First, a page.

AS A star-struck little girl growing up beside the sea in East Cork, Sharon Cronin dreamed big. She dreamed of becoming part of the magical world of movies and saying the words “Lights, camera, action!”
“When I was a young girl growing up, there weren’t very many people may age around, so I just watched a lot of films and I guess I fell in love with film,” says Sharon.
“I never really considered doing anything else. Seeing something on the big screen that you helped create is monumental and sharing it with an audience is ineffable.”
The Garryvoe producer’s childhood dream came true and now a short film that she worked on,, written and directed by Graham Cantwell, is up for an Irish Film and Television Award (IFTA) this Saturday at the Mansion House, Dublin. The awards are a glittering, glitzy glamorous affair, honouring the biggest stars in film and drama.
“The whole crew and cast can be proud of what we have achieved,” says Sharon, who produced.
The film centres on the issue of LGBT teens in a school environment. Lily stars actress Clara Harte, from Timoleague, who graduated from The Gaiety School of Acting.
“The cast and crew have done the storyline justice and focused on getting the best film possible,” says Sharon.
“The film gives out a strong message and it has received a massive response. Everyone knows somebody who is affected by bullying.”
has been in the spotlight before.
“The success of, which won awards at the Galway Film Fleadh, 2016, and the Santa Fe Film Festival, is testament to the ferociously hard work of cast and crew who showed up each morning and contributed to the making of the film,” says Sharon.
What is she showing up in on the big night, when she will be rubbing shoulders with Irish film stars like Colin Farrell and Limerick’s Oscar-nominated Ruth Negga?
“I’m in a bit of a panic,” admits Sharon. “I haven’t found The Dress yet. It has to be something really special for such a big occasion.
“The IFTAS are the Irish Oscars. The dress has to be amazing.”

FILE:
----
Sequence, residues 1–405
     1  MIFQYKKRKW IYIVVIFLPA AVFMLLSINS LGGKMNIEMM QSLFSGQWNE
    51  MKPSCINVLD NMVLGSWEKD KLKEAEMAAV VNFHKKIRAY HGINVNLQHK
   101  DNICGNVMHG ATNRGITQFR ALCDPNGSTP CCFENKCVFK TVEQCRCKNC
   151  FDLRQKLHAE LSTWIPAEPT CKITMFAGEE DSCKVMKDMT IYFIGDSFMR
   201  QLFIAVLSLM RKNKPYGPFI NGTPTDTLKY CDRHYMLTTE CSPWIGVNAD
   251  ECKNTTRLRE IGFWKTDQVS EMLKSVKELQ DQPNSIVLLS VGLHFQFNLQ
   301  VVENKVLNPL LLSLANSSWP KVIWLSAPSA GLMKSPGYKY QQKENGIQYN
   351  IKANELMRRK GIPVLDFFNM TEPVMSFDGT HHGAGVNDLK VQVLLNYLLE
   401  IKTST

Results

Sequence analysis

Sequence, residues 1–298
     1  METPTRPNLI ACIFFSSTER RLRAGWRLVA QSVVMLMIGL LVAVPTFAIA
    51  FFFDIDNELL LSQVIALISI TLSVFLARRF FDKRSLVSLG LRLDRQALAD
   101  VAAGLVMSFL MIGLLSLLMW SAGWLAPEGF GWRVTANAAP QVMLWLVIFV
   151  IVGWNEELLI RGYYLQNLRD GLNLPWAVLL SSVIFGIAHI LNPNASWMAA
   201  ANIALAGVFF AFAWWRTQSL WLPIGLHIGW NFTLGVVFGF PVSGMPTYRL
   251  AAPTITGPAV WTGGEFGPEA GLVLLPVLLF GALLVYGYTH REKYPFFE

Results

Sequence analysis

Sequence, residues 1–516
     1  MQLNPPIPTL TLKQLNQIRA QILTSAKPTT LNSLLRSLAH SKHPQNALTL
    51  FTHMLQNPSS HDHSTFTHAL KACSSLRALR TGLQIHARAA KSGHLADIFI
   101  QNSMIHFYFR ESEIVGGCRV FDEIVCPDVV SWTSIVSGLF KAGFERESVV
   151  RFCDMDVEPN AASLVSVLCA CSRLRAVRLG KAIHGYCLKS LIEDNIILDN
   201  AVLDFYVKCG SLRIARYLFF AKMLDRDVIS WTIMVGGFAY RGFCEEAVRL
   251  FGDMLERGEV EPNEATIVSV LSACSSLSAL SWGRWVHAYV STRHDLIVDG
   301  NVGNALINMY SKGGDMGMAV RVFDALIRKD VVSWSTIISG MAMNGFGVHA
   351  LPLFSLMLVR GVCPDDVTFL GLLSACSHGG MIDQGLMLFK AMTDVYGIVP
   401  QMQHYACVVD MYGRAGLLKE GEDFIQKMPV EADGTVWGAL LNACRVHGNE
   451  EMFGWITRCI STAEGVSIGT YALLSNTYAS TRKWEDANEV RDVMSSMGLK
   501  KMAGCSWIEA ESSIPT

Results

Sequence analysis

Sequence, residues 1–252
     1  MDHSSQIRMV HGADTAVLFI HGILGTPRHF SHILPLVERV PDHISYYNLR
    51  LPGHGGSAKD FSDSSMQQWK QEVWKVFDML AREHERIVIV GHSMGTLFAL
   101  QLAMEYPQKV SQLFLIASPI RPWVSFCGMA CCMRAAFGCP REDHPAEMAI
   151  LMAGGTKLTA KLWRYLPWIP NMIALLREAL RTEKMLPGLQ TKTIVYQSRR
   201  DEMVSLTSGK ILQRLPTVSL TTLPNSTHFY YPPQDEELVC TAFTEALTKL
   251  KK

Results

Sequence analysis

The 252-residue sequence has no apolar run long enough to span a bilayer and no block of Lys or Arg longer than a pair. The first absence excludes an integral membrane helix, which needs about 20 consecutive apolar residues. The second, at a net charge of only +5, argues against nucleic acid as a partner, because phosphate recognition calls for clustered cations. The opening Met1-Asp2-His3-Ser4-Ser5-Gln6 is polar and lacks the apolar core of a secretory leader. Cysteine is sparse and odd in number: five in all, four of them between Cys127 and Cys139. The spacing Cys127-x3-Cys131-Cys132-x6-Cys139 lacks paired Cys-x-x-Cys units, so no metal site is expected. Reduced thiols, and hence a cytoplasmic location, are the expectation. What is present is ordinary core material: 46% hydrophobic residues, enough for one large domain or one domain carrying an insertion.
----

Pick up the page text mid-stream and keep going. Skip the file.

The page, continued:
So she still hasn’t found what she’s looking for?
“No. I did buy a fabulous dress online but it wasn’t suitable when I tried it on at home.”
It didn’t have the X factor? “Definitely not,” says Sharon. “Lots of dresses I tried on are more suited to debs and bridesmaids. The dress has to be red carpet style,” says Sharon.
“We’ll be looking at the photographs forever. It must have the ‘wow’ factor. So hopefully I’ll find a classic dress and magnificent accessories in a Cork boutique. The accessories are key.”
Sharon did find the career path that she was looking for when she studied film-making in St John’s College, Cork, which eventually led her to Filmbase in Dublin where she completed her Masters in feature filmmaking.
“I worked for the Cork Film Festival and I still do,” says Sharon.
“That showed me a whole other side to films and how the whole process works in terms of getting your work screened. I’ve been really lucky to get such a rounded view of the film industry.”
She never dreamed of being in front of the camera.
“I wanted to be behind the scenes and get involved in the making of the film,” says Sharon.
“The film world and the people associated with it completely appealed to me, especially their passion and their determination in showcasing their work. I found that so inspiring. I had to follow my heart and continue to press on with my dreams.”
The film world is a hard one to break into and become a part of.
“It is highly competitive,” agrees Sharon. “I never wanted to be a film star; production and organisation is more my thing.”
What does the producer do?
“Lots of organising!” says Sharon with a smile. “It gives you a taste of all aspects to do with the film. And it gives you a great grounding.”
She is often chief cook and bottle-washer on set as well.
“I make sure that the people involved in the film are all fed!”, says Sharon.
Her roles are many and varied.
“I am involved in the logistics, the casting, the auditions and making sure we come in at budget.
“, which is 22 minutes long, cost €3,000 to make. The budget for costumes was very tight. We never expected such success. €10,000 is considered a small budget to make a film.”
Does she have to deal with the drama kings and queens?
“We all hang out together,” says Sharon. “The film world is not as dazzling or tinselled a world as is perceived. We can all be on set at dawn for hours on end; often filming in the wind and the rain in 5 degrees”
How does Sharon feel this Saturday about rubbing shoulders with the cast and writer/director, Peter Foott of The Young Offenders? The film, based on the infamous 2007 cocaine haul of the coast of Cork, is up for a record seven awards.
“It will be brilliant to be in the same company as them,” says Sharon.
Is she expecting any OMG! moments?
“You know, most of the film-stars that I was lucky to meet are really ordinary and down to earth,” says Sharon.
“They have a laugh and a joke with you like anybody else. I worked with Tim Vaughan- Lawlor in, which was shot in Cork jail. He is better known as Nidge from the RTÉ series, . He is really nice and you’d never imagine that he is a big film star.”
Sharon must continue with her quest. To find the dress of her dreams for the biggest gig of her life so far.
“Time is running out,” she says.
No doubt she will turn up at the IFTAS looking just like a film-star. Whether she wants to be one or not.
The Irish Film and Television Awards take place in the Round Room, Mansion House Dublin, Saturday April 8.